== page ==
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Professor Toshiya Hoshino, Dean of the Osaka School of International Public Policy (OSIPP) at Osaka University (Japan), visited Copperbelt University from 18 to 20 March 2012. Here, Professor Hoshino signed a Memorandum of Understanding on Academic Exchange with the acting Vice Chancellor of Copperbelt University. The signing was also attended by the Ambassador of Japan to Zambia. Collaboration will be centred around the activities of the Dag Hammarskjold Institute for Peace and Conflict Studies (DHIPS), led by Professor Naison Ngoma, which is scheduled to be relocated from within the university to the vicinity of the crash site of the second UN Secretary-General, near Ndola (Zambia). Professor Hoshino also presented a lecture at Copperbelt University on the topic of peacebuilding.



Prof. Hawkins and Mr.Saraiva visited southern Africa

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Virgil Hawkins and Rui Faro Saraiva from Osaka University (Japan) visited Zambia, South Africa and Mozambique from 20 February to 5 March 2012 to hold consultations on the future of the project and the growing network.

In Zambia, they held a series of consultations with the project coordinators at the core institutions in Zambia (University of Zambia and Zambian Open University) to plan for the 2012 conference and for the realization of the proposed Centre for Collaboration on Peace and Security. They also visited the Dag Hammarskjold Institute for Peace and Conflict Studies (DHIPS) at the Copperbelt University to discuss possible future collaboration.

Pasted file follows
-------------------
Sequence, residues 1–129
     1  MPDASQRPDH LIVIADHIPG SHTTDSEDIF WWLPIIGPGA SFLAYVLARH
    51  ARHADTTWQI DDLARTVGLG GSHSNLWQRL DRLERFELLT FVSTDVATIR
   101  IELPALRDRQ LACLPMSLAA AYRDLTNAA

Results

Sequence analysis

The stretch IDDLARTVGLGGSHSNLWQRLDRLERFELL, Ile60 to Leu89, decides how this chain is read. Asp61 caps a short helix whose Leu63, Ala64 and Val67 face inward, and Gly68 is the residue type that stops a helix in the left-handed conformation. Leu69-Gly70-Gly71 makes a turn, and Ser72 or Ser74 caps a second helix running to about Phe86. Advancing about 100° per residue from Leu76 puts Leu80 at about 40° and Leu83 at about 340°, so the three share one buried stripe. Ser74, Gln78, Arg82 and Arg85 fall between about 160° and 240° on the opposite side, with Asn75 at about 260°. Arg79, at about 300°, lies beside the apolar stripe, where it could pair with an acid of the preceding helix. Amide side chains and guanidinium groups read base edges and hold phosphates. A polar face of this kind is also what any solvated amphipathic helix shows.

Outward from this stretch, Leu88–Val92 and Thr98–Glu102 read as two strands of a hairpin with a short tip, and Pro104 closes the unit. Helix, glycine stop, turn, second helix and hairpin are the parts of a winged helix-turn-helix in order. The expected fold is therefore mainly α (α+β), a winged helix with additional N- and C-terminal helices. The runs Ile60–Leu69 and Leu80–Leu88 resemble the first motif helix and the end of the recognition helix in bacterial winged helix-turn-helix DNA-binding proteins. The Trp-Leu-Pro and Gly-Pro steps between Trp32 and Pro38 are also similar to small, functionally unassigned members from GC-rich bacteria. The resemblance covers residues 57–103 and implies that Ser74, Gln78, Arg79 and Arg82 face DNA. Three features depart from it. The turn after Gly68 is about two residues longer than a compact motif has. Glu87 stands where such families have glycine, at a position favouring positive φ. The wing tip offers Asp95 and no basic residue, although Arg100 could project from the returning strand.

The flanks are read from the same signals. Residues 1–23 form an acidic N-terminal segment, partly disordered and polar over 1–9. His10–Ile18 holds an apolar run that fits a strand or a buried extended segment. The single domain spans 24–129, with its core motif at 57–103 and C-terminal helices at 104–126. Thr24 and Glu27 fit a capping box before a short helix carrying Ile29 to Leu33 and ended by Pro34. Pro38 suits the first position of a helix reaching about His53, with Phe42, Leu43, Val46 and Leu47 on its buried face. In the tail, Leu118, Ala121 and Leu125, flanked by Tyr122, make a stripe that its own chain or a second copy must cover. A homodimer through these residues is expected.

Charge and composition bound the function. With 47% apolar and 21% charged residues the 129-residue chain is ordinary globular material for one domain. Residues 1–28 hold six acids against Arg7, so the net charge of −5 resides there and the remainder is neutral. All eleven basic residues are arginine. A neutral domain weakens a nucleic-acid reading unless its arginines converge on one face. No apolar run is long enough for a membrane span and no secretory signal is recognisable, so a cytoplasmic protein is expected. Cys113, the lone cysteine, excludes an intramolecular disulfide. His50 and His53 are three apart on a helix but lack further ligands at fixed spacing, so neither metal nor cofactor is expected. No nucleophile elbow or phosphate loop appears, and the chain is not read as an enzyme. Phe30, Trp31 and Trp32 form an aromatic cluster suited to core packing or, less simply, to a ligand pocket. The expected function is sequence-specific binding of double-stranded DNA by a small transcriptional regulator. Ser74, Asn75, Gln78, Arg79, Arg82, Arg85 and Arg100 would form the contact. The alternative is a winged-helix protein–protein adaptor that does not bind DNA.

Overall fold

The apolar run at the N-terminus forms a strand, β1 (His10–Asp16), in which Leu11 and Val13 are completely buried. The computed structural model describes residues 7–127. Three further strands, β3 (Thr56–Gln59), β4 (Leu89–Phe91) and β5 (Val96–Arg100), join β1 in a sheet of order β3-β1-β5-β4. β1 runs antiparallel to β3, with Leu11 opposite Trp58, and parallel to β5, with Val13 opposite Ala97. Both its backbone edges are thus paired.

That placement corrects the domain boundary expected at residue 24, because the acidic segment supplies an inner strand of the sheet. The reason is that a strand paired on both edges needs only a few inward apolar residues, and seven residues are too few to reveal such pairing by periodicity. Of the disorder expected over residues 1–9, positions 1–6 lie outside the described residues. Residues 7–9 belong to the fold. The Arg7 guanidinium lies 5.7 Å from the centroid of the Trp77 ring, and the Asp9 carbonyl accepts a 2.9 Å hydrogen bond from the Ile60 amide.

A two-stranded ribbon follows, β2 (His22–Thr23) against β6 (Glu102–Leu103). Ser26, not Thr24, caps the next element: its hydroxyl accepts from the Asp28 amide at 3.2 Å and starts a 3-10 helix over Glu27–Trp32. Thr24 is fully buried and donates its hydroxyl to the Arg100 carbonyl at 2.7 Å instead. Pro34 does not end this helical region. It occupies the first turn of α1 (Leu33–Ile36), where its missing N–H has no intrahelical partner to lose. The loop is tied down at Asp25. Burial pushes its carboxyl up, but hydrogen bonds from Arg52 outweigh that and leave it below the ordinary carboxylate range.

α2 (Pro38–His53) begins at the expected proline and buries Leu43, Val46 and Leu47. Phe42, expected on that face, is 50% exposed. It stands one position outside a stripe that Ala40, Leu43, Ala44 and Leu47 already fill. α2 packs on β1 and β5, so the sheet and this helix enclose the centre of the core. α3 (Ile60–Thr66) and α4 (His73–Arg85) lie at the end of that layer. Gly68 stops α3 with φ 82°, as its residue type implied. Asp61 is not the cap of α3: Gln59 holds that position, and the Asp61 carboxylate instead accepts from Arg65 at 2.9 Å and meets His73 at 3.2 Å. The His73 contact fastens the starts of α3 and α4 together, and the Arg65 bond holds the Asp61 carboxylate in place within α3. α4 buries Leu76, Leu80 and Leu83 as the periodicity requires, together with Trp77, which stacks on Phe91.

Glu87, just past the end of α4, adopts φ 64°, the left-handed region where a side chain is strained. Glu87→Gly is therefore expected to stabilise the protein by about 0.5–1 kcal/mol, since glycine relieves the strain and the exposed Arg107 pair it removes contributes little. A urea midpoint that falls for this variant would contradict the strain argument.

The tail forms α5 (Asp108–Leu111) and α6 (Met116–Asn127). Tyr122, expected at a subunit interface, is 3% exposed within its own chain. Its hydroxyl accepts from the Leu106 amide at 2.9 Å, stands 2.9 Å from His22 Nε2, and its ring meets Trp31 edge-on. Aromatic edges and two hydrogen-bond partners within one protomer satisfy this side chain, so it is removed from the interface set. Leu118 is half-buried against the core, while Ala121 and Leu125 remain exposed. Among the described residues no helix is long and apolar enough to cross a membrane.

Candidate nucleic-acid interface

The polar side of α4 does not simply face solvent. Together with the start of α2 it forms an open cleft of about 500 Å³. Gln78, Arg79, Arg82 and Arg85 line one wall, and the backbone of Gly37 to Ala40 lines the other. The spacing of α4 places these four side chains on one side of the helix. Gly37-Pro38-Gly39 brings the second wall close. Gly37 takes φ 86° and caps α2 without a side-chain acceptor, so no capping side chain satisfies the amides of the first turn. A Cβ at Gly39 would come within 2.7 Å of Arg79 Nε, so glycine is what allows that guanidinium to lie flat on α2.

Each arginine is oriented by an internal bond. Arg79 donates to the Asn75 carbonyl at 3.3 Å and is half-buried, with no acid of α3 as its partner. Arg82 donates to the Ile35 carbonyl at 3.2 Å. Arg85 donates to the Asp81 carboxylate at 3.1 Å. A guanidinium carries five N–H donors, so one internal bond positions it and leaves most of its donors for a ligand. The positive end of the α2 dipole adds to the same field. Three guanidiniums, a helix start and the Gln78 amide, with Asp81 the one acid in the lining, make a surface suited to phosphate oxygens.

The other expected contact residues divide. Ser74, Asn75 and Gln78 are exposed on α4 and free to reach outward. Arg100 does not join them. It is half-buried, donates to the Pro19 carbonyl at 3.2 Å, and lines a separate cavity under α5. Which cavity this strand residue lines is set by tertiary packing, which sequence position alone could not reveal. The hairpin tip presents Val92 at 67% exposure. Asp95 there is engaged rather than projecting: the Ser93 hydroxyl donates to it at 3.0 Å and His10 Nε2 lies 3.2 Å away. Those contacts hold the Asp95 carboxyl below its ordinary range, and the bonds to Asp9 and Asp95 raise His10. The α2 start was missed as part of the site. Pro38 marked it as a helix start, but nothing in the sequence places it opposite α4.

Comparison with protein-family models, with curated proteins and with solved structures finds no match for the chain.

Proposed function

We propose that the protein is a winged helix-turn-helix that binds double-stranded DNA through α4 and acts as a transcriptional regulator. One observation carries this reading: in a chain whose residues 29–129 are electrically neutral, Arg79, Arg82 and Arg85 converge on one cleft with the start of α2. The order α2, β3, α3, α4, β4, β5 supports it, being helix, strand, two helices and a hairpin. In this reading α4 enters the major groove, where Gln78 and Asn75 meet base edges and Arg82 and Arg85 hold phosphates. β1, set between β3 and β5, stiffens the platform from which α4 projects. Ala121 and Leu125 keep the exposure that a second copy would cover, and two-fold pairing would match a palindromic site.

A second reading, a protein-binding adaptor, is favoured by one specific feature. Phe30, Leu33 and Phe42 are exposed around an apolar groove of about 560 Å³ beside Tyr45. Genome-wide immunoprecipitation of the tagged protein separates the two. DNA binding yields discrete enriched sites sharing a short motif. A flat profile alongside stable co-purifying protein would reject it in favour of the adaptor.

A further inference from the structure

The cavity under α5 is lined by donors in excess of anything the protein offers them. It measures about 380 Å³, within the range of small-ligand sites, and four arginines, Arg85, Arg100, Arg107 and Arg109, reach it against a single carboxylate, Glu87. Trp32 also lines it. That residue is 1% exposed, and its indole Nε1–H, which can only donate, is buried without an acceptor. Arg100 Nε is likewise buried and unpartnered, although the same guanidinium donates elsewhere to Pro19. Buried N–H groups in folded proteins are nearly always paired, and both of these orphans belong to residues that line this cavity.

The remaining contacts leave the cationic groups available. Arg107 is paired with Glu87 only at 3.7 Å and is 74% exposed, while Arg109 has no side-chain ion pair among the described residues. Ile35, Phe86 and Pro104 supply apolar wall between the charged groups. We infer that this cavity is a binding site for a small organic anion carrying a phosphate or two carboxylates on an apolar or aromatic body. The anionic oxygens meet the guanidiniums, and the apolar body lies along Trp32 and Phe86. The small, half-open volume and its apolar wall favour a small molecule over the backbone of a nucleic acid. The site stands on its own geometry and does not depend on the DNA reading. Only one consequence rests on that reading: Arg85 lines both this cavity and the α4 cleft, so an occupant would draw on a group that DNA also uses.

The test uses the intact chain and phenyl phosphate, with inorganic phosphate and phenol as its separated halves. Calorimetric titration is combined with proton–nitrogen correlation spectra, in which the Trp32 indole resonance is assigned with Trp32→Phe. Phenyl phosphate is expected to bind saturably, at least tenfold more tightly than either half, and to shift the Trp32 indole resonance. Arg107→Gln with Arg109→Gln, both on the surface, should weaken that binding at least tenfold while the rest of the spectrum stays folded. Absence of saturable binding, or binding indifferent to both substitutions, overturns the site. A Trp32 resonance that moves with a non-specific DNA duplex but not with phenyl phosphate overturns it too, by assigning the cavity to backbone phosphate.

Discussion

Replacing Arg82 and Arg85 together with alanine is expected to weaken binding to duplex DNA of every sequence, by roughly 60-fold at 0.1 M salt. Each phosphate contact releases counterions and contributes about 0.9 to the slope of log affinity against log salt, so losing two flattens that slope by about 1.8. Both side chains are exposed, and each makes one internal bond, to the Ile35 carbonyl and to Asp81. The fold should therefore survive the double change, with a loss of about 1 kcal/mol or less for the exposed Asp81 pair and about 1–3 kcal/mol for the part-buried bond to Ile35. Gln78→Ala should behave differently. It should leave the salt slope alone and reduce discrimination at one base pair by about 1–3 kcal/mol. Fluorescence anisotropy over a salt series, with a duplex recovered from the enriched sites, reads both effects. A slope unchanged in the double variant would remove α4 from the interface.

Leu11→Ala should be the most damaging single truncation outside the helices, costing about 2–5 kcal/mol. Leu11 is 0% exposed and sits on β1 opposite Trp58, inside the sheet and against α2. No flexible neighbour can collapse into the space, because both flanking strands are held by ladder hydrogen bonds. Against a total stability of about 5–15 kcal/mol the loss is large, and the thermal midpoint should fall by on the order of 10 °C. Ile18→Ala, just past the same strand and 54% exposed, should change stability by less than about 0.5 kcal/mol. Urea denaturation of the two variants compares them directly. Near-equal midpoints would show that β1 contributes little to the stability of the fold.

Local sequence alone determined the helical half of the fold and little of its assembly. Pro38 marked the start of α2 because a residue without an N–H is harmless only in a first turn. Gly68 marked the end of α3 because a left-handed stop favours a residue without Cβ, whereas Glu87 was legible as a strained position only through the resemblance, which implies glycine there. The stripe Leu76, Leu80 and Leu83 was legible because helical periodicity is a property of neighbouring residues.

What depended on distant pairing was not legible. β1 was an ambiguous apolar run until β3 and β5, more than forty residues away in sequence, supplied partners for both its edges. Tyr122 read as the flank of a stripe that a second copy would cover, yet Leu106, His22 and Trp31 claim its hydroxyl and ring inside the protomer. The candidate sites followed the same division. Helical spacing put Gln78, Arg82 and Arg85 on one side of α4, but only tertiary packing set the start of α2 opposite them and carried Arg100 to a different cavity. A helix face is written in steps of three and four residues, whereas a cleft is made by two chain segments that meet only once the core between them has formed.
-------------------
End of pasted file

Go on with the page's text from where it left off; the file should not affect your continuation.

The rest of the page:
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In South Africa, Hawkins and Saraiva visited the University of the Free State in Bloemfontein, where they were hosted by the project coordinator for South Africa, Professor Hussein Solomon. They held consultations with the Head of Department of the Department of Political Studies and Governance and with the Dean of the Faculty of the Humanities. Hawkins also made a presentation entitled 'Western media coverage of the Inter-Congolese Dialogue'【PDF】, focusing primarily on the lack of coverage that the peace process in the Democratic Republic of Congo was able to attract.


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In Mozambique, Hawkins and Saraiva were joined by Anthony Kasandwe, one of the Zambian coordinators, where they held consultations aimed at strengthening the network: at the Polytechnic University, Higher Institute for International Relations and Eduardo Mondlane University. At Eduardo Mondlane University, Hawkins also made a presentation for faculty and students entitled 'Western media coverage of Africa'【PDF】.




Mr. Mhango visited Stellenbosch University (South Africa)

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George Abel Mhango, a lecturer at Mzuzu University (Malawi), visited Stellenbosch University (South Africa) from 13 to 19 February 2012, where he was hosted by Gerrie Swart at the Department of Political Science. Mhango interacted with faculty and students at Stellenbosch, and conducted research on peacemaking in the southern African region. He also had the opportunity to present a lecture entitled 'Contesting state fragility in hybrid regimes'【PDF】, which, drawing on recent political, economic and security challenges facing Malawi, aimed at problematizing peace under the backdrop of southern Africa's 'hybrid' regimes.



Mr. Walwa visited the University of the Free State (South Africa)